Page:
If your smile isn't quite as white and bright as it once was, it can have a real impact on your self esteem. You might even avoid looking in the mirror, or maybe you make sure to smile with your mouth closed in photographs to avoid having to see your discoloured teeth. If these things sound familiar to you, you're probably wondering why your teeth got this way and how you can avoid the problem in the future.
There is a lot of information out there that assists people in dealing with first aid responses relating to many different types of injury. From muscle pulls to breathing complications, many people are generally aware of how to respond soon after an accident happens. But what about responding to dental emergencies? Many people don't think about what they would have to do immediately after a tooth gets knocked out of the mouth, becomes chipped or begins to ache.
As recently as 150 years ago, western society still had a lot to learn about hygiene. Even medical professionals such as doctors and dentists did not always understand the necessity to keep their workspaces clean at all — let alone clean enough to be considered sterile. Hand-washing was a modern recommendation.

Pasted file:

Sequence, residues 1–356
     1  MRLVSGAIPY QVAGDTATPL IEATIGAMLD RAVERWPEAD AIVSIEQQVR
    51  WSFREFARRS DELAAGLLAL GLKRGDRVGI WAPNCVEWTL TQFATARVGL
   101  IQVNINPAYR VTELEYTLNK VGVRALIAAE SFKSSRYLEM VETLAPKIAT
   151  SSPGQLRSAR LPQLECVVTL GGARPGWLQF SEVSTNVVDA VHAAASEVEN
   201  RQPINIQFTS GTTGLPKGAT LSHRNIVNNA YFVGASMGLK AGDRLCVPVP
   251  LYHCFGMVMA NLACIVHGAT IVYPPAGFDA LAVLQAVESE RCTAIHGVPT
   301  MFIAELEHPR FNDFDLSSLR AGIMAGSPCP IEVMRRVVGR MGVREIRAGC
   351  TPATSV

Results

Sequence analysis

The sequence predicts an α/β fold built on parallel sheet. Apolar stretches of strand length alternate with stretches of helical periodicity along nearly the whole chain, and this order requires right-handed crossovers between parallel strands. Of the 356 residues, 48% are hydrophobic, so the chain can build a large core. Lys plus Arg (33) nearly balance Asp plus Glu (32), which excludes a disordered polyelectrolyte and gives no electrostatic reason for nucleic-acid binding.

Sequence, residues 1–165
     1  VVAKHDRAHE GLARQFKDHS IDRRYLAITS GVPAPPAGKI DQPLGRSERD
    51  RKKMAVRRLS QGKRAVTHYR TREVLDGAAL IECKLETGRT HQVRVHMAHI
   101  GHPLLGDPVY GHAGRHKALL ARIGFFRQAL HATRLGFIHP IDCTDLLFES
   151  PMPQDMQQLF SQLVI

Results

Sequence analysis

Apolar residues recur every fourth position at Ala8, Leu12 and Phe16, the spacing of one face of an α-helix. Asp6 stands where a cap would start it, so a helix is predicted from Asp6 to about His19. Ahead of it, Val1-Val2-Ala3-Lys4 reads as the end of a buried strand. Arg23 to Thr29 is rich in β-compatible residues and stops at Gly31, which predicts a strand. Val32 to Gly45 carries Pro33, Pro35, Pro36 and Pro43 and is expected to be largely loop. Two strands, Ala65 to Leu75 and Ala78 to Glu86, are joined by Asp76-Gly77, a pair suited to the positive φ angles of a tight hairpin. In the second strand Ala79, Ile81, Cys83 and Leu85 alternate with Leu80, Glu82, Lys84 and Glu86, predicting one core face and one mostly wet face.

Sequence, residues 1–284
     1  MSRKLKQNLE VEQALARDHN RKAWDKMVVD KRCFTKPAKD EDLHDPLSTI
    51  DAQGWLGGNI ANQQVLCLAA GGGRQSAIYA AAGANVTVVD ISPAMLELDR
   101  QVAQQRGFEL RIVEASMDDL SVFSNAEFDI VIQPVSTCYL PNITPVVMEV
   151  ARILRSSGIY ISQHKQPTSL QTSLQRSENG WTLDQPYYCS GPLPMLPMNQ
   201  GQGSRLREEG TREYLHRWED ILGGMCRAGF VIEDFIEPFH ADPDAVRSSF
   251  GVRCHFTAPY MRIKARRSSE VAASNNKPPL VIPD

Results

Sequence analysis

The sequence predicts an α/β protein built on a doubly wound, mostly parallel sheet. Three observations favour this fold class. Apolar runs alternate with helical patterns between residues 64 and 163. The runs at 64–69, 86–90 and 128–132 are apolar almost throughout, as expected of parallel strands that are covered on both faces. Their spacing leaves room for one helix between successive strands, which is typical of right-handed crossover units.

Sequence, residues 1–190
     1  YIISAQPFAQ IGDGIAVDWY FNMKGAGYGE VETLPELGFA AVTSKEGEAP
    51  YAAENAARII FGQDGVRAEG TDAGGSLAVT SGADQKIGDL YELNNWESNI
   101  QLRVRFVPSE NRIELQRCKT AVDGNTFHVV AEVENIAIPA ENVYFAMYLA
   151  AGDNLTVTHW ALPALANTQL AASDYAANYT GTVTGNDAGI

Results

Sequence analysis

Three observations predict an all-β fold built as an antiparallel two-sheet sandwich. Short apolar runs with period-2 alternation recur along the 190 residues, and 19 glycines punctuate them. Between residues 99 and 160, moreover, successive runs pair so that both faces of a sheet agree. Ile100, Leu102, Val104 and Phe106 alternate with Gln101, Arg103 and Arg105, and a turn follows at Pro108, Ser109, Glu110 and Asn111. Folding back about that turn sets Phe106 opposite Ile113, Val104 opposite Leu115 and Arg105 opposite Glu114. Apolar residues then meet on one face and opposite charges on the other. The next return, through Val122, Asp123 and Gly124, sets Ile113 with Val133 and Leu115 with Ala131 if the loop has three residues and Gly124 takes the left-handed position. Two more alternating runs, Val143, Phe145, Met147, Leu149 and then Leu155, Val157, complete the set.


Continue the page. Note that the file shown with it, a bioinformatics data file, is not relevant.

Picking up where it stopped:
Now that we have a greater understanding of bacteria and infection, there's plenty of legislation in place to keep patients safe.
If you are going to whiten your teeth without the help of a dentist, it's important that you do your research before getting started. There are many seemingly minor details that could catch you out if you are not prepared.
Here are 5 of the most common patient queries, along with their answers to help you get started on your whitening journey.
1. Once you have whitened you teeth, can you eat straight away?
Dental sealants have protected the premolars and molars of children since the 1960s. During that time, numerous studies have demonstrated the effectiveness of dental sealants in regards to cavity prevention. Since a full set of healthy teeth is vital to a child's jawbone and facial development, dentists recommend sealing primary teeth as early as possible.
Adults Can Benefit from Dental Sealants Too
Despite the fact that they were originally intended for children, dentists are beginning to recommend dental sealants to adults.